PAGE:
Archive for December 12, 2015

Forbrydelsen

Posted in Television with tags , , , , on December 12, 2015 by telescoper

Over the past week or so I’ve been watching the original TV series The Killing (in Danish with English subtitles). This was actually first broadcast in Denmark in 2007 but apparently achieved a bit of a cult following in the United Kingdom in 2011 when it was shown on BBC4. That was round about the time that I basically gave up watching television so I missed it then. However, I saw the DVD box set at a drastically reduced price a few weeks ago and decided to buy it. I’m very glad I did.

Forbrydelsen,_DVD

I’ve been to Copenhagen many times in my life but this is the first time I’ve seen some familiar locations on the small screen, which added a personal dimension for me, but my main reason for doing a blog about it is just to salute it for being exceptionally good.  The Killing (in Danish Forbrydelsen: “The Crime”) is often quoted as an example of Nordic or Scandinavian Noir but that term is generally reserved for crime fiction novels rather than movies or television programmes.  The Killing definitely retains some elements in common with classic  Film Noir – a strong central female character and low-key visual style to name but two – but I’m not sure I would categorize it as “noir“. On the other hand some classic examples of film noir don’t display many of the characteristics associated with the genre either. Categories don’t really matter that much anyway, even when they are easily defined which is not the case with Noir.

The plot of The Killing revolves around the police investigation into a terrible crime: the brutal rape and murder of a young woman, Nanna Birk Larsen, who disappears after a Halloween party. Each of the twenty 50-minute long episodes depicts one day; the series has to be that long to accommodate all the twists, red herrings and false dawns, but it never loses pace or tension. That everything happens in a Nordic November means short days of grey skies and long wintry nights, establishing an appropriatelt sombre visual mood.

The complexity of the plot and the Copenhagen setting are not the most compelling things about this as a piece of TV drama, however. What stood out for me was the excellence of the acting not only from Sofie Gråbøl as lead investigator Sarah Lund but from the entire cast. The effect on the Birk Larsen family of the loss of their daughter in such cruel circumstances is portrayed most movingly, especially by Bjarne Henriksen as the father, Theis Birk Larsen.

I am so late writing about this that I don’t suppose I would spoil it for too many people if I revealed who did it, but I’ll refrain from doing it. What I will say, however, is that I was pretty confident that I knew who the perpetrator was right from Episode 1 and I proved to be right. That doesn’t mean that I’d make a great detective, just that I’ve had enough experience of detective stories to know some of the tricks writers use to throw the reader (or viewer) off the scent.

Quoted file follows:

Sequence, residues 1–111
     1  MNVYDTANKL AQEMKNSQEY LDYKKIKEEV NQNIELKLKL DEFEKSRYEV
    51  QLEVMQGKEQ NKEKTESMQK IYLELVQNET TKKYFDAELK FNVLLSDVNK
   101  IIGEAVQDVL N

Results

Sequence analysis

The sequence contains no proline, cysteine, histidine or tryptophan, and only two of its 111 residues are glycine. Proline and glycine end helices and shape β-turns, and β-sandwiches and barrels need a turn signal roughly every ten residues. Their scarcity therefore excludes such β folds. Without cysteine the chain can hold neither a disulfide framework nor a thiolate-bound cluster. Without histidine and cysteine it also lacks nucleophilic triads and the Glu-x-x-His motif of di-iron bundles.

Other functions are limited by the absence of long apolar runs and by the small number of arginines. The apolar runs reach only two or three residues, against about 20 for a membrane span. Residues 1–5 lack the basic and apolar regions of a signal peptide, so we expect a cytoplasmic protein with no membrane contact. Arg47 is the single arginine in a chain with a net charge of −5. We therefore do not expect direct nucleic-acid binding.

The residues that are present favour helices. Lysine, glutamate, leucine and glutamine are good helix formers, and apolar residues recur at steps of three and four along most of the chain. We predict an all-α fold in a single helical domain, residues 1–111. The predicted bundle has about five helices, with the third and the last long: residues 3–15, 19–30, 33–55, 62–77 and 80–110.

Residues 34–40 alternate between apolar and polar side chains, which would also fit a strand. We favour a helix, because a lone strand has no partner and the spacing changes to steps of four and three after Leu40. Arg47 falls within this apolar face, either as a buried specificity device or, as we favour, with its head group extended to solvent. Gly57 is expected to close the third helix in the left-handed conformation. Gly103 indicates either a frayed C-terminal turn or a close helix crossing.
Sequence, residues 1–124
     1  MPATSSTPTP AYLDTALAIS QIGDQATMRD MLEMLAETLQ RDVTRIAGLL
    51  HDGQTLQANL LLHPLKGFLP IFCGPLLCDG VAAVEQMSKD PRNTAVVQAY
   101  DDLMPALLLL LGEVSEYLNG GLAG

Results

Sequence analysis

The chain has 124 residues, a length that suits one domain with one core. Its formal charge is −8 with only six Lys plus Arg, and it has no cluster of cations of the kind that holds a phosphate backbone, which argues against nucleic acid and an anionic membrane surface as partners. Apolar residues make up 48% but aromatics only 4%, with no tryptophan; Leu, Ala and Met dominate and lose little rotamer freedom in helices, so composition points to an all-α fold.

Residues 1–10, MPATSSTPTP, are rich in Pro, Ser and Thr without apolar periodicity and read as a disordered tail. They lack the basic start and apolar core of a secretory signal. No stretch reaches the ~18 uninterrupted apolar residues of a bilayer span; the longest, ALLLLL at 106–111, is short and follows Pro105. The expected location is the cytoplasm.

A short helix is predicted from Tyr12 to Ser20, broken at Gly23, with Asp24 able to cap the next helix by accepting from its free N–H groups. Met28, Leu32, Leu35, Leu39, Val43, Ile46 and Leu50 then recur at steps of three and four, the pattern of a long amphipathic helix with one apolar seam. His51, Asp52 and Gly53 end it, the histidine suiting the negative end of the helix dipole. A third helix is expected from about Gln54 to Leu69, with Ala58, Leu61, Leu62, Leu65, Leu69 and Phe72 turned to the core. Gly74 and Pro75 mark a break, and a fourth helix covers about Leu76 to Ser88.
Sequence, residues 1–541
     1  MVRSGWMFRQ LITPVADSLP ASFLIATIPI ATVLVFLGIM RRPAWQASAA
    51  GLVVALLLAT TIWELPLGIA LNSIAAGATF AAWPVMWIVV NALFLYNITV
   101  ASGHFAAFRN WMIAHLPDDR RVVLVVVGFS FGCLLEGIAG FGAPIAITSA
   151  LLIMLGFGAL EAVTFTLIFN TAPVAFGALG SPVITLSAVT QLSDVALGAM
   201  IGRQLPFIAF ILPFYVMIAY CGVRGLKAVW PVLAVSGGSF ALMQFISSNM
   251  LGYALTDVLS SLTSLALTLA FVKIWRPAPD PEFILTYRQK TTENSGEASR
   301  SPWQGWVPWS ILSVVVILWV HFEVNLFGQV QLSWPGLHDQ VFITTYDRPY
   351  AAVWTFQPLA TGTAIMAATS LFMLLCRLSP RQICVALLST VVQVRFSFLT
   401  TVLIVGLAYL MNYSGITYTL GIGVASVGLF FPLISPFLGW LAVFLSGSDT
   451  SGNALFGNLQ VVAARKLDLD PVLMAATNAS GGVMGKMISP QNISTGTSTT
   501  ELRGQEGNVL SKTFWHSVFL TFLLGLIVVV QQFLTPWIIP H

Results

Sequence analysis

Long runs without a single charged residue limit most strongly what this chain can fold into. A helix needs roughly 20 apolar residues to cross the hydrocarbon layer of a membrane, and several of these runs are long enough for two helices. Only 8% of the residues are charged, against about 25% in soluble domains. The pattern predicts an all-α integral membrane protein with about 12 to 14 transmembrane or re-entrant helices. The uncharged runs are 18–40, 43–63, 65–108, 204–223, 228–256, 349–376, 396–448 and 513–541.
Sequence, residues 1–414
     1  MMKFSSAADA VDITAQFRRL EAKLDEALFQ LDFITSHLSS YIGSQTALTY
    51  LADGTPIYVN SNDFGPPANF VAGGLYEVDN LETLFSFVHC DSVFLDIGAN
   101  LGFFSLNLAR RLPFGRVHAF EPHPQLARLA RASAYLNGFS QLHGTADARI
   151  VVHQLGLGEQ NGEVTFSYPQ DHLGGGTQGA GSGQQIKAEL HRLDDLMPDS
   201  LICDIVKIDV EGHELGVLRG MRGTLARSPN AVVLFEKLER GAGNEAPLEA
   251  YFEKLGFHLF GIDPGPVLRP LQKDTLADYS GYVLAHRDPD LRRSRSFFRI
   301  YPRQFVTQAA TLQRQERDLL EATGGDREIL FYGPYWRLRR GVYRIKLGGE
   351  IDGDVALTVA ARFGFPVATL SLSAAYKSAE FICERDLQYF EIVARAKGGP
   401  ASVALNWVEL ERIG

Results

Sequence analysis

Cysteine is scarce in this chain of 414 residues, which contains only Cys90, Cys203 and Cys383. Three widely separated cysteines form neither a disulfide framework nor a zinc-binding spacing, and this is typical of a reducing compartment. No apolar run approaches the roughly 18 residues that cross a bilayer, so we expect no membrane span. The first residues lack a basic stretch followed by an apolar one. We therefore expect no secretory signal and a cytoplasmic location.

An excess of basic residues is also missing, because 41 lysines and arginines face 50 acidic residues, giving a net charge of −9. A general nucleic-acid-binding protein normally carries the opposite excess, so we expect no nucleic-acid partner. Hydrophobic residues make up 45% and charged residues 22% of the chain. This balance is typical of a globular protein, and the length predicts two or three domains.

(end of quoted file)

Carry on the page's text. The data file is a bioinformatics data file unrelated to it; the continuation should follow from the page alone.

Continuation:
If you haven’t seen The Killing, I thoroughly recommend it. I gather there’s a second series too. I must watch that sometime…

 

The student left’s broken moral compass

Posted in Politics on December 12, 2015 by telescoper

I’m taking the liberty of reblogging this post about the dire state of student politics – and of the far left generally. The problems described within the post are not confined to Goldsmiths College, nor indeed to Islamists, but I’d encourage you to watch the video here, which shows the disruption of the talk referred to in this post and which gives you an idea of the contempt some people have for the idea of free speech. Goldsmiths Student Union have asked for the video to be taken down. I hope it stays.

tomowolade

To anyone sufficiently familiar with the politics of the contemporary student left, attempts to censor speakers for the alleged crime of bigotry should not come as a surprise. Neither should the endorsement of Islamists and their list of grievances. Nevertheless, the endorsement by young progressives of a society that promotes regressive speakers in the service of suppressing the voice of a feminist ex-Muslim still has the capacity to shock. It is especially shocking because the groups who have endorsed these attempts to bully a progressive ex-Muslim are the feminist society and the LGBTQ society.

On Monday, November 30th, Maryam Namazie, a plain-spoken critic of Islamism and tireless advocate for ex-Muslims, gave a speech organised by the Goldsmiths Athiest, Secularist and Humanist society. Earlier that day, the Islamic society at Goldsmiths University objected to her right to give the speech, citing that her alleged Islamophobia is in violation of the safe…

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